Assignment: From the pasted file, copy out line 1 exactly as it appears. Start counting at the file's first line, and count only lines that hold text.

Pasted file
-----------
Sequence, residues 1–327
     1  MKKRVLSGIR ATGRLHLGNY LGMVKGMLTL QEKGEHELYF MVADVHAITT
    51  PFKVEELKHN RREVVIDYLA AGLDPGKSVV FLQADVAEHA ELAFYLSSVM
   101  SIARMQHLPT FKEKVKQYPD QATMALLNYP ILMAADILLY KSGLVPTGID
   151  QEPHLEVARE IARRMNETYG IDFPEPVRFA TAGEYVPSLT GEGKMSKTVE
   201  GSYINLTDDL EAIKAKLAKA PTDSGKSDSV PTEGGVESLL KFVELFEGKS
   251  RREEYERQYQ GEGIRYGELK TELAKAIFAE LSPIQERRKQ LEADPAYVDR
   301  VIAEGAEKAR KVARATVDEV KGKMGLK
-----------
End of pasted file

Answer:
Sequence, residues 1–327